Indie Game: The Movie is a documentary that deals with the struggles and hardships that plague the life of the independent video game developer. The basic premise is that the film crew follows two groups of people and watches them as they go through the hard work and trials associated with trying to get their projects completed.
One pair, that of Edmund McMillen and Tommy Refenes, are racing the clock to release their game, Super Meat Boy. The other part of the story involves Phil Fish (and the occasional visit with his comrades in arms) as he attempts to get the long-delayed Fez ready for a gaming expo. In the background are some interviews with Jonathan Blow, famous for his renowned Braid game. All together, these three stories come together to create one of the most compelling documentaries I have ever seen.
The documentary takes place over a period of around seven months. Each group is knee-deep in the development of their respective games but has plenty of work left before they’re finished. Deadlines arrive and the gamers work hard and have to deal with everything that entails. Their social lives and other comforts are sacrificed in the pursuit of their dream. Jonathan Blow’s interviews act as a neutral point, showing what happens after success has arrived via him relating his own experiences.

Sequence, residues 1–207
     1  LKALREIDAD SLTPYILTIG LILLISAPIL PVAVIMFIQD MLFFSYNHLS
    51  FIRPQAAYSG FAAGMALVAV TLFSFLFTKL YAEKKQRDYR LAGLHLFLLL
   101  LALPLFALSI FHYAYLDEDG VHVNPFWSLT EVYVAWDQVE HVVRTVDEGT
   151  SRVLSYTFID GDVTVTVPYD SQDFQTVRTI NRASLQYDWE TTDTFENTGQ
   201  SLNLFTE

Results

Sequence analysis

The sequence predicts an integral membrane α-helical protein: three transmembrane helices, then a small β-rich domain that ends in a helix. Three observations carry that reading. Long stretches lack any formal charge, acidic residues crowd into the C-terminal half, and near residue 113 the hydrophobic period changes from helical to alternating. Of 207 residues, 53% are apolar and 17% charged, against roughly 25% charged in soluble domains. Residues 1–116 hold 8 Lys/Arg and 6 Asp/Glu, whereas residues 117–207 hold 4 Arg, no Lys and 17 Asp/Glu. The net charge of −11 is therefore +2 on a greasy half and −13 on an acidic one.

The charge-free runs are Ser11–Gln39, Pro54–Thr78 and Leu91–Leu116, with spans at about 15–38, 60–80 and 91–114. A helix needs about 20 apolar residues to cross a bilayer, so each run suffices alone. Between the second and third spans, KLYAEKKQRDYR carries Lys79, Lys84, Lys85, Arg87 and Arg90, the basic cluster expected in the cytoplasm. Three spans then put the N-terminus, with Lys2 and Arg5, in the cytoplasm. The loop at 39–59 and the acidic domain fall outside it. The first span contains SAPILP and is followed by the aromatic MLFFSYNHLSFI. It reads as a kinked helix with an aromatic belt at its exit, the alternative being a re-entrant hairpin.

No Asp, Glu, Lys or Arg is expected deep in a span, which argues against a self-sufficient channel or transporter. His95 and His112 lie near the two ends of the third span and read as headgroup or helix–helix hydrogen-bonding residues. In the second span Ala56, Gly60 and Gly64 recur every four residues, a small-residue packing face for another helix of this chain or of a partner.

This film is an emotional ride, the audience being drawn along with the game developers and through all the crap they have to deal with. Their devotion is admirable and you can’t help but feel your own sense of pride when they manage to achieve one goal or another. You get to see some of the people that support or oppose them and find out what really goes into making an independent video game in today’s world of big-name, 1000-man development crews.
Anyone who has an interest in video games or just wants a good human story would be doing themselves a favor by watching Indie Game. There are few documentaries that shine like this one, even if you don’t happen to be a fan of video gaming.